Few issues of this generation have churned as much political and social turmoil as the health care reform debate heading into its final stage now in Congress. Democratic leaders are busy trying to hold together a balky coalition of their own ranks to retain the votes needed to pass a compromise bill in the House and Senate. They aim to accomplish health care reform perhaps this month.
Reform of the system in which high costs force millions of people to go without health insurance is a goal shared by the Catholic bishops of this country, who rightly see the extension of affordable health care for all Americans as a noble and necessary aspiration of a great nation.
Many provisions of the compromise bill are still up in the air, including one major component: abortion.
Will everyone be forced to pay for the abortions of a few? Will the conscience rights of health care workers opposed to abortion be respected? Whether the practice of abortion in America expands or remains the status quo hangs on the result of the bill.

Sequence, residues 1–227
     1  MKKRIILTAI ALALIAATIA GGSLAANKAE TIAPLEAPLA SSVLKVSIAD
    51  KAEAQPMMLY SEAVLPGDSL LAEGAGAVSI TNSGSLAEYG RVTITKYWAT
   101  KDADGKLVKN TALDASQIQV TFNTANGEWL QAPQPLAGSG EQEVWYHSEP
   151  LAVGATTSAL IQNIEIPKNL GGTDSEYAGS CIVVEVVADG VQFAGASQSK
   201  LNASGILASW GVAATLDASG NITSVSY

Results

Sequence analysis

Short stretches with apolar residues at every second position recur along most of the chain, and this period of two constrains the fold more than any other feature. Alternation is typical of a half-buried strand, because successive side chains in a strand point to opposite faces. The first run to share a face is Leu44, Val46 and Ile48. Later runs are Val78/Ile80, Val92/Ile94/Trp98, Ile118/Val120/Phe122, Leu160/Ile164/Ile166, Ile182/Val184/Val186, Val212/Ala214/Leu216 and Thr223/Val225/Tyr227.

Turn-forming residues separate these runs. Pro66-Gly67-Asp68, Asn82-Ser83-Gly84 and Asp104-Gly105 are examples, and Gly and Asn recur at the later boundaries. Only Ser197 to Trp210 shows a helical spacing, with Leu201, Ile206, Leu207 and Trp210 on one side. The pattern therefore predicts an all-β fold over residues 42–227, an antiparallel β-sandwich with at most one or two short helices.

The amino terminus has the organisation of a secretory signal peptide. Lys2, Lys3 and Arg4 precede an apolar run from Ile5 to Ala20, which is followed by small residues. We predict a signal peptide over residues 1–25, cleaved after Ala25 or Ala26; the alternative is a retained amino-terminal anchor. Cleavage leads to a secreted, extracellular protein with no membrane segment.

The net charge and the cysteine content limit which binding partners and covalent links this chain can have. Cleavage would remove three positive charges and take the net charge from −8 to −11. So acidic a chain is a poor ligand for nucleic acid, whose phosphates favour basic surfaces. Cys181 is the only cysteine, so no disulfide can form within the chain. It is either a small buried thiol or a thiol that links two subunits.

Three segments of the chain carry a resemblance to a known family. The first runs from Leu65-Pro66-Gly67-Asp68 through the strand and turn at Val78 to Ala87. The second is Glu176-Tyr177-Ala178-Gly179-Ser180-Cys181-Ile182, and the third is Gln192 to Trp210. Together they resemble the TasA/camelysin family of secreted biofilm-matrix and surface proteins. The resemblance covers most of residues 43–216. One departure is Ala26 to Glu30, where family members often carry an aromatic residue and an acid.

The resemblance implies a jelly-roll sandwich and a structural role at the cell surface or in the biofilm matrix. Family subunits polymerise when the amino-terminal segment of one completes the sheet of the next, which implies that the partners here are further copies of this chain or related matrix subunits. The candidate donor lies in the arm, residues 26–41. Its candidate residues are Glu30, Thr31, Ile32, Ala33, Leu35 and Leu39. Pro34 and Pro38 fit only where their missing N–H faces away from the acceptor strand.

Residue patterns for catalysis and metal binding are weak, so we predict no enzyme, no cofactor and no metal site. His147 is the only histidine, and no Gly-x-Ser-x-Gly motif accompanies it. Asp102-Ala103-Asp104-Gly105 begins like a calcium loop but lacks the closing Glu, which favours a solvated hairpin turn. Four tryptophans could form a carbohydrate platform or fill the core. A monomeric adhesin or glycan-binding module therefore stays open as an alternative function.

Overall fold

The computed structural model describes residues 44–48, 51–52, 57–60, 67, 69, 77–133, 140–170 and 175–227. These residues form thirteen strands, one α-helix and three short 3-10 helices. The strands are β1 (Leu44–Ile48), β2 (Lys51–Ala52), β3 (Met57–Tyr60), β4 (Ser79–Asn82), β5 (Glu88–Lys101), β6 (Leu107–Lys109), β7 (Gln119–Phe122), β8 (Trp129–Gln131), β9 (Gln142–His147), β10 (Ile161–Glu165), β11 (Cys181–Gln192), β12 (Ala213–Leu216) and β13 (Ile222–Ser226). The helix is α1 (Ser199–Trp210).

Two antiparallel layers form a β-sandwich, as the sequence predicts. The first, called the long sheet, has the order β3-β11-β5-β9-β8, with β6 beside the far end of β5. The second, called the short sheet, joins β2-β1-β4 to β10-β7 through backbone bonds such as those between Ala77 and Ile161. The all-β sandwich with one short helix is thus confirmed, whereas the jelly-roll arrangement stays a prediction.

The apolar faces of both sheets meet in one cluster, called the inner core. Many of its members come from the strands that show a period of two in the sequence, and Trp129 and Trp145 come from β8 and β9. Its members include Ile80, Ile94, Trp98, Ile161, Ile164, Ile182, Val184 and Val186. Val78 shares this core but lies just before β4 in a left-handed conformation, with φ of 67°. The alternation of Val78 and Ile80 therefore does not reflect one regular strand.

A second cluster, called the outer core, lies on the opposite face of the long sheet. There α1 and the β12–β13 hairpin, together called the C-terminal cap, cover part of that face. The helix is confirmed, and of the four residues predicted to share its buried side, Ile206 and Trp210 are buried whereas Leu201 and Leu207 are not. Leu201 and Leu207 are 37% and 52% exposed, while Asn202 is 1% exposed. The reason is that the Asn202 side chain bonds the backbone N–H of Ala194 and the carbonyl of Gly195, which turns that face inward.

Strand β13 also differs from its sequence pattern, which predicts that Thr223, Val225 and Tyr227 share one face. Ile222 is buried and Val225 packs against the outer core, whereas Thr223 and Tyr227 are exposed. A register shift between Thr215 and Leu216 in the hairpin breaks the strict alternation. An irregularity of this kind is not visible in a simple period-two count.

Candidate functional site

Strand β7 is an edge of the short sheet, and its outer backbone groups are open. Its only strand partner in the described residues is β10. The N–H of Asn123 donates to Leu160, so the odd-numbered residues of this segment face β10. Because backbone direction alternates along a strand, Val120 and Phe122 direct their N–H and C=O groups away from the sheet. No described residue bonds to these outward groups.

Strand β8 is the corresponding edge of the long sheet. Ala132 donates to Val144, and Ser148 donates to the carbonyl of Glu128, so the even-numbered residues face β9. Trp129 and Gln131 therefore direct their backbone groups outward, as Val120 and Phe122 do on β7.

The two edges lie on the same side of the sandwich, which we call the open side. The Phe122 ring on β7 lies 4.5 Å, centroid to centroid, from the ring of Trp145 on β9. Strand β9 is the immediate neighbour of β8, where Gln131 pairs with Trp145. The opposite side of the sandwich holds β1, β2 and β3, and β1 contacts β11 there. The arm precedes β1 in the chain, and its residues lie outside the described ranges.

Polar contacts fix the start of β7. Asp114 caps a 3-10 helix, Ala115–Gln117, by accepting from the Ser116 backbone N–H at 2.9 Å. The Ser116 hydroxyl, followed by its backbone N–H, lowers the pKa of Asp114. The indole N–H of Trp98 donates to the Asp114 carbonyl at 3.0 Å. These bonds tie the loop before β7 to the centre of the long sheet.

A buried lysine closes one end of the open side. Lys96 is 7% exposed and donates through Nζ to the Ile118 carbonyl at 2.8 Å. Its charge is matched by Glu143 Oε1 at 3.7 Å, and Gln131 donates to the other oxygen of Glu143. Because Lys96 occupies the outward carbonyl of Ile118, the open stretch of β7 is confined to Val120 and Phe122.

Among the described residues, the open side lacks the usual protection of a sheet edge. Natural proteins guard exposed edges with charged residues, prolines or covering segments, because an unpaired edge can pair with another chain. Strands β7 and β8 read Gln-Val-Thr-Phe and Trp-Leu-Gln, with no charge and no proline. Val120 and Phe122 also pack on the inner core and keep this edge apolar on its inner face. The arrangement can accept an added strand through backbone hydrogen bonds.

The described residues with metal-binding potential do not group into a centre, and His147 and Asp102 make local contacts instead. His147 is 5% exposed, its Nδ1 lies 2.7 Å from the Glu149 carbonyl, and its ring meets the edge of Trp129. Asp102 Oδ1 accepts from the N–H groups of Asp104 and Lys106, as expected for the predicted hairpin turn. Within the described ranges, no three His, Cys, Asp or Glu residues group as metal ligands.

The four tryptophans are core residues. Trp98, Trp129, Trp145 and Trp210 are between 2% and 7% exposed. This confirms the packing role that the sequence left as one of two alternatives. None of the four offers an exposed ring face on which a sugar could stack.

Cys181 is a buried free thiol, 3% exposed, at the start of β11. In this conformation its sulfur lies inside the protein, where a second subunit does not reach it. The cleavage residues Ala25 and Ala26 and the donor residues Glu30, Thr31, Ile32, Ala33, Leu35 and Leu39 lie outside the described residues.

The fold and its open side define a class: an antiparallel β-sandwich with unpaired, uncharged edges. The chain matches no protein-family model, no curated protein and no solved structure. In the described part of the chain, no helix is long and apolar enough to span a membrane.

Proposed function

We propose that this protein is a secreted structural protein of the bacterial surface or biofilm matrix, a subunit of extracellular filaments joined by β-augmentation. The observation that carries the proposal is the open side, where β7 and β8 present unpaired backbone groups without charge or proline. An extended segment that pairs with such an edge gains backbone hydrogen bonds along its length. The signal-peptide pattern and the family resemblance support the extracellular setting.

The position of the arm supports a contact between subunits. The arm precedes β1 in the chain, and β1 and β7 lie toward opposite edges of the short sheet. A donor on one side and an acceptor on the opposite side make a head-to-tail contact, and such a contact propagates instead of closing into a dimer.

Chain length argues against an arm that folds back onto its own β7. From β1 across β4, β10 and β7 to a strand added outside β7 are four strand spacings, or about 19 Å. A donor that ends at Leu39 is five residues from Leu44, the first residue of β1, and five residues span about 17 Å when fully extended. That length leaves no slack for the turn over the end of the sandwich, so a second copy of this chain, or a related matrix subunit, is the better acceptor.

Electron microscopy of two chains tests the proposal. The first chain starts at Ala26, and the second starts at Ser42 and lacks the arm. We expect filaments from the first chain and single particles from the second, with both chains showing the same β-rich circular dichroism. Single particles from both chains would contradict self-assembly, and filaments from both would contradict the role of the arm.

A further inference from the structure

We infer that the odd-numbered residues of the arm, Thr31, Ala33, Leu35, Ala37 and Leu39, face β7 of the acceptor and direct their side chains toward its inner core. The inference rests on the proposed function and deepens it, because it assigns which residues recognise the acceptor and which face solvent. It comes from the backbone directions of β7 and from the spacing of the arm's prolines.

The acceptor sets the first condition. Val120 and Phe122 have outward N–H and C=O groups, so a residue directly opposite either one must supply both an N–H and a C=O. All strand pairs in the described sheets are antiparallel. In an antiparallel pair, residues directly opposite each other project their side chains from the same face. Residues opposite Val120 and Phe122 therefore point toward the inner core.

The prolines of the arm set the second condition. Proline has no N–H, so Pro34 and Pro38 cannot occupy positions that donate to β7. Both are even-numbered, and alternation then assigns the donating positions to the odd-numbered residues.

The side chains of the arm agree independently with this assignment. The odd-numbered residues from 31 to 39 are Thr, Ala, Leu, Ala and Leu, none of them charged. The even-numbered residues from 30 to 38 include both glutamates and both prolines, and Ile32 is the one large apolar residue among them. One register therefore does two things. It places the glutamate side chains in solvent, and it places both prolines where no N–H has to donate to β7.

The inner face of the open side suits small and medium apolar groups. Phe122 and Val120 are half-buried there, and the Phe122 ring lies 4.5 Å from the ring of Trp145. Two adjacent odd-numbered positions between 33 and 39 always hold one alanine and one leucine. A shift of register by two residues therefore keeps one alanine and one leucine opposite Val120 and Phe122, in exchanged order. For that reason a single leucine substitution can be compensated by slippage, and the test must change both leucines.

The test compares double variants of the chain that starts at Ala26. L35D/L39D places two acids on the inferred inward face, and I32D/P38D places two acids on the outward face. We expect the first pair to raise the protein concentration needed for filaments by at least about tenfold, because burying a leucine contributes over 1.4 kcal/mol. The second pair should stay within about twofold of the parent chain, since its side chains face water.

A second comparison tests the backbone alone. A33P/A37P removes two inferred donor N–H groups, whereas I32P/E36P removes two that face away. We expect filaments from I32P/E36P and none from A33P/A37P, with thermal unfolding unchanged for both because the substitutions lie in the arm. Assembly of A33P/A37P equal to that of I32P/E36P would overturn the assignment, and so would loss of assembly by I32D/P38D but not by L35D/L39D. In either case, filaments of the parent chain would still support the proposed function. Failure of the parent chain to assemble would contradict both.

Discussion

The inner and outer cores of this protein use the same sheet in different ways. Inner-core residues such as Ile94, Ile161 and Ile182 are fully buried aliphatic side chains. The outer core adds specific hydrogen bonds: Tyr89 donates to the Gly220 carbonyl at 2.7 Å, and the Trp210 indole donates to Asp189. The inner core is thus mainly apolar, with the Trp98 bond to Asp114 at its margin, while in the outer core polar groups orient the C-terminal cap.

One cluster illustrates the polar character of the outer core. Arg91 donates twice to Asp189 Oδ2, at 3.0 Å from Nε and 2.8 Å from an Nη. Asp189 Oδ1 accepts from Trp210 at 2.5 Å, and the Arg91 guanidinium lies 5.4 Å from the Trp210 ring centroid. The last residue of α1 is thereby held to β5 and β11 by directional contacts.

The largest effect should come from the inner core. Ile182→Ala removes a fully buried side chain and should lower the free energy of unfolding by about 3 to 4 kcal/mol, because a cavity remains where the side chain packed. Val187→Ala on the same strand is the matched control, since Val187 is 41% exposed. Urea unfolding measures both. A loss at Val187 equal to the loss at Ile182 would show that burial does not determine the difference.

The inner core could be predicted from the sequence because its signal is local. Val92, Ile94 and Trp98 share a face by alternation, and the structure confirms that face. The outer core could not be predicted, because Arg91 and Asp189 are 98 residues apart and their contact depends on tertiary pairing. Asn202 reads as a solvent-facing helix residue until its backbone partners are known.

The United States Conference of Catholic Bishops urges Catholics to make a last-minute press on their legislators now to do at least as much as the U.S. House has done, which is to maintain current policy on abortion (no public funding, respect for conscience rights) in the final bill. Cardinal Justin Rigali has asked pastors of parishes in the Archdiocese of Philadelphia to communicate the urgency of this effort to all the Catholic faithful. (Click here to read Cardinal Rigali’s letters to the parishes.)
Telling your Congressional representative about the need to respect human life from conception until natural death is not a futile exercise in faithful citizenship. The House listened and passed a generally favorable health reform bill. Though far from perfect, it reduced the potential for greater evil by avoiding an expansion of abortion.
That effort failed to persuade enough votes in the Senate, but pressure on the Congress at this late hour may yet succeed.
Pennsylvania’s elected officials in Congress must hear from their constituents on this issue so that the Democratic leadership offers both chambers a bill that reflects the will of the people by refusing to expand the availability of abortion.
In the congressional vote coming soon, lawmakers must write today’s limitations on abortion into law, at a minimum. If the resulting bill calls for public funding of abortion and ignores the conscience of health workers, Congress should reject such a flawed bill.
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